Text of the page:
Ilona Amos: Picking your favourite mammal could help it to survive

The pine marten would be a popular choice of favourite mammal in Scotland, but only a handful can be found south of the border.
The pine marten would be a popular choice of favourite mammal in Scotland, but only a handful can be found south of the border.
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Recent surveys have concluded that the UK is currently home to 101 species of mammal, aside from ourselves. And they come in all shapes and sizes – from the smallest shrews to the biggest whales, with everything from bats, bunnies and badgers to sheep, seals and ponies in between. We think of many of them as merely cute and cuddly, while some are valued as useful to humans and others dismissed as pests.

Mammals deliver a variety of benefits to the environment. Many of the smaller creatures are ecologically important as a link in the food chain, acting as prey for birds and mammalian carnivores. Meanwhile large mammals help maintain high-biodiversity habitats through the effects of grazing.

Worryingly, though, almost two thirds of all our mammal species have declined over the past half a century. Some have been suffering particularly alarming drops in their populations and have become so elusive they have taken on an almost mythical status. For these in particular we need an urgent stepping up of conservation efforts.

It’s against this background that the Royal Society of Biology (RSB), one of the country’s leading professional associations, has launched a campaign to discover the country’s favourite mammal. It’s hoped that raising awareness of some of our threatened animals will motivate people to take action and help ensure their long-term survival.

With the help of experts from the Mammal Society and People’s Trust for Endangered Species, RSB researchers have managed to whittle the 101 species down to 10 for us to choose from. They are the pine marten, water vole, red squirrel, beaver, red fox, hedgehog, bottlenose dolphin, Scottish wildcat, otter and soprano pipistrelle bat.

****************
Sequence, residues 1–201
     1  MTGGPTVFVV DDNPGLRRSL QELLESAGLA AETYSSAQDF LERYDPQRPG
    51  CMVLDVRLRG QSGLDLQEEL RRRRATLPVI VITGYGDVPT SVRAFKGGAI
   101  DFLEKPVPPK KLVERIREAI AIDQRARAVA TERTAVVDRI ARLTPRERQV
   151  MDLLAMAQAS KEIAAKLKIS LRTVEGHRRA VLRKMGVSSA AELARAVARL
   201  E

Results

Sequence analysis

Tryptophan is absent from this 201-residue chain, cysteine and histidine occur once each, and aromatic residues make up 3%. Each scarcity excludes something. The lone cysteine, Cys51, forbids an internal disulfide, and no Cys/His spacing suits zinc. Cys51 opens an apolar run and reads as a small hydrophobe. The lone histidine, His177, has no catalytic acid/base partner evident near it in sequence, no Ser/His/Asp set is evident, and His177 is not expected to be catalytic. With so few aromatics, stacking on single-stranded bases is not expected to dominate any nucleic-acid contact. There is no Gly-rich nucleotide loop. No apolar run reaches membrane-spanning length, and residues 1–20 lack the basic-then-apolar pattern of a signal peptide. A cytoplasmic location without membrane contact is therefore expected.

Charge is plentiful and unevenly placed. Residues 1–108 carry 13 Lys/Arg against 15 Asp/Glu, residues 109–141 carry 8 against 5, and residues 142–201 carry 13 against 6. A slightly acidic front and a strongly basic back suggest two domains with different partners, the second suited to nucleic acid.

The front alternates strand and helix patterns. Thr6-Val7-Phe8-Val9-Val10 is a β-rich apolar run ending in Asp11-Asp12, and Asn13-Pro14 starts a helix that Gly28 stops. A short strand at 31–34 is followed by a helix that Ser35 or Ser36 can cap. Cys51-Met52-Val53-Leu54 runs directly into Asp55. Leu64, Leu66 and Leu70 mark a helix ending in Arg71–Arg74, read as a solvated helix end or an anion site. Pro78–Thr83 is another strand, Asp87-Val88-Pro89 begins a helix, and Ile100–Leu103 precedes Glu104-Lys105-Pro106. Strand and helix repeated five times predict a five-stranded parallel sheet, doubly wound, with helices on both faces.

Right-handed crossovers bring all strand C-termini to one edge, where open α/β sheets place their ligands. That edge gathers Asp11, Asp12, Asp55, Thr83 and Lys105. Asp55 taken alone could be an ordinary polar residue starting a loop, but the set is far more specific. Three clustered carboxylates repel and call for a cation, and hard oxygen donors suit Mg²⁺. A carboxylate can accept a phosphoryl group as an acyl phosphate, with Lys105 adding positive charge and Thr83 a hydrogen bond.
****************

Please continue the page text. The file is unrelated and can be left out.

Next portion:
RSB member Professor David Macdonald, director of the Wildlife Conservation Research Unit at the University of Oxford, describes it well when he says each species, large or small, is a cog in nature’s system.

Many of the shortlisted creatures have their stronghold in Scotland. The Moray Firth and Cromarty Firth are home to the world’s most northerly resident population of bottlenose dolphins, while only a handful of pine martens and red squirrels live south of the border and the clue is in the name for the Scottish wildcat.

But these iconic animals are not faring well. They face myriad threats, from the impacts of global warming to pollution, the spread of urbanisation, intensification of agriculture and an influx of alien diseases.

We have already lost a whole host of native beasts over the past 12,000 years. Everything from mammoths and woolly rhinos to wolves, bears and cave lions roamed these lands in times gone by, and there is even talk of bringing some of them back.

I admit, despite any evidence to the contrary, I haven’t been around quite long enough to have spotted lynx or wolverines in person while growing up in the Highlands. However, we do have the benefit of hindsight so it would be good if we could heed the warnings and help save the amazing creatures we do have before they vanish from our shores – and maybe the planet.

I’m not sure how much direct impact campaigns like this one actually have, but it certainly can’t hurt. And if nothing else it’s a bit of fun. I’m going to pick our native wildcat, also known as the Highland tiger, which is in serious peril. That’s bit predictable since big cats are the global favourites apparently. But you can go for something different.